Today, we're answering questions about Disputes, with assistance from John Bedard of Bedard Law Group, and Leslie Bender of Clark Hill.
Would it be helpful to treat all disputes as if they were FCRA disputes?
Each dispute must be treated appropriately based on the content of the dispute. It is advisable for your agency to map out FDCPA and FCRA dispute strategies and the steps you take in each instance:
There is not a “frivolous or irrelevant” dispute category under the FDCPA. A timely dispute under the FDCPA requires suspension of debt collection activities until debt verification is provided. However, a collection agency does not have to respond to the dispute within a set timeframe. (Just to repeat a different way: Under the FDCPA, when a consumer disputes, you must cease collection efforts. You cannot start collection efforts again until you have responded to the dispute.)
Under the FCRA, there is a 30-day time frame for handling disputes. There is often confusion between these different treatments of disputes. By deciding to treat all disputes as if they were FCRA disputes and documenting that strategy, you could expose yourself to risk in a number of ways: if the customer is not really disputing per the FCRA but you note a dispute on the customer’s credit file, one might argue that is inaccurate or misleading.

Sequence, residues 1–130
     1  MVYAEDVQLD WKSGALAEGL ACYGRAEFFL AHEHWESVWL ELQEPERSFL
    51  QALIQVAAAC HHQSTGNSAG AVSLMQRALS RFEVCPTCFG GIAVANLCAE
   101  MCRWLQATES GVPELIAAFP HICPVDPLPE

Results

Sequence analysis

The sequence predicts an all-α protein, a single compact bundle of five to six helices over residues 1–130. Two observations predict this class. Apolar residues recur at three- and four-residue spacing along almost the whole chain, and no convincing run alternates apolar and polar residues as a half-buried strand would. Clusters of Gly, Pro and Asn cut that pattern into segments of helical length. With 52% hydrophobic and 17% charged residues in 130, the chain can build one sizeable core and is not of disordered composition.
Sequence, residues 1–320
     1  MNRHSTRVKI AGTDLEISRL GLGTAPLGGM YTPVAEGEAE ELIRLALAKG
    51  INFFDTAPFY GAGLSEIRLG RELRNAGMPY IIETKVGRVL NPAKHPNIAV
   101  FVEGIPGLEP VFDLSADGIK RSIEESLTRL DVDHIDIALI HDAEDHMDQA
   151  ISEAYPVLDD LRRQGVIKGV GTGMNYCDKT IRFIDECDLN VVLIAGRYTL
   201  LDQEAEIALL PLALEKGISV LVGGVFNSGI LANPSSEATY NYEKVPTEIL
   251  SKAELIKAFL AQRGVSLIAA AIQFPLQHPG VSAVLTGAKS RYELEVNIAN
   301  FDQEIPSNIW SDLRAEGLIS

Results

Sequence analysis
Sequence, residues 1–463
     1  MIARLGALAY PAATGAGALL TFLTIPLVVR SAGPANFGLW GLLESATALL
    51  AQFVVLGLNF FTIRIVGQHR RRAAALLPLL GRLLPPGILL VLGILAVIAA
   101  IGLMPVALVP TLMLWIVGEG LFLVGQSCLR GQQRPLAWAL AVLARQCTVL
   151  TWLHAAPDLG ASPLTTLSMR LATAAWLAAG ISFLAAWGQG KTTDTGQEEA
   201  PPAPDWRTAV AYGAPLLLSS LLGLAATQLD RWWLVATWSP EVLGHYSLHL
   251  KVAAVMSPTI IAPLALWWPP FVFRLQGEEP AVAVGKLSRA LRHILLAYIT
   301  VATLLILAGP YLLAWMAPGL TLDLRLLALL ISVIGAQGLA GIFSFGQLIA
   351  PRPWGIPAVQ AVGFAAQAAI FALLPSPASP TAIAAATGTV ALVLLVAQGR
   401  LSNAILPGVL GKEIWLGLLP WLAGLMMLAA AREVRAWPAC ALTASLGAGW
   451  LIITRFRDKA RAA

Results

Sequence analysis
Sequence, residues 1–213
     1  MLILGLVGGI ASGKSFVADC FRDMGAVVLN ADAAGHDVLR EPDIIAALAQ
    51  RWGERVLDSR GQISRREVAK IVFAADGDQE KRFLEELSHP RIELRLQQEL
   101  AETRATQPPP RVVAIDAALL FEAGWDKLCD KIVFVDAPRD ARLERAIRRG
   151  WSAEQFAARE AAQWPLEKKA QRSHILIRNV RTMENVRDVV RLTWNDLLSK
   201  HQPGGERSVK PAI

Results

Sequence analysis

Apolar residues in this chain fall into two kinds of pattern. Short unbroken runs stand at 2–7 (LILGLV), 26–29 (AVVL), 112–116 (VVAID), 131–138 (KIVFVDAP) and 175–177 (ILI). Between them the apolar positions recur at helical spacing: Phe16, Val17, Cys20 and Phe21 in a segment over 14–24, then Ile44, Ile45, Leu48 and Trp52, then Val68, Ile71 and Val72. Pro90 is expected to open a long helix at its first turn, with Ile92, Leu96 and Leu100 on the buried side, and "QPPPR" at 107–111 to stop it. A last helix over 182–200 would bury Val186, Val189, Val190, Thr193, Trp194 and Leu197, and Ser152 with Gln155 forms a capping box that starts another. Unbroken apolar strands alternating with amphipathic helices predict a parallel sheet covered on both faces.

Frivolous dispute under CRA - What's your recommendation?
When furnishers determine that a direct dispute is frivolous, then the furnisher should follow the Frivolous Dispute Procedures spelled out in the FCRA. (See § 611. Procedure in case of disputed accuracy [15 U.S.C. § 1681i] on page 50 of the FCRA.)
There is no such thing as a frivolous E-oscar dispute for investigation and response purposes.
The challenge with "frivolous disputes" is that people are reluctant to log in and provide personal information in a portal they are not familiar with. How do you overcome that?
Some agencies have a form letter they send, acknowledging receipt of a dispute and checkboxes requesting additional information from the consumer to enable the agency to research and respond with a time frame; and a second follow-up letter noting nothing has been received in the expected timeframe. If the agency hears nothing further from the customer within [x] days it will assume the customer resolved the dispute to their satisfaction. In addition, some agencies have dedicated dispute personnel who are noted in this two-letter series who are trained to ask probing questions to get more information.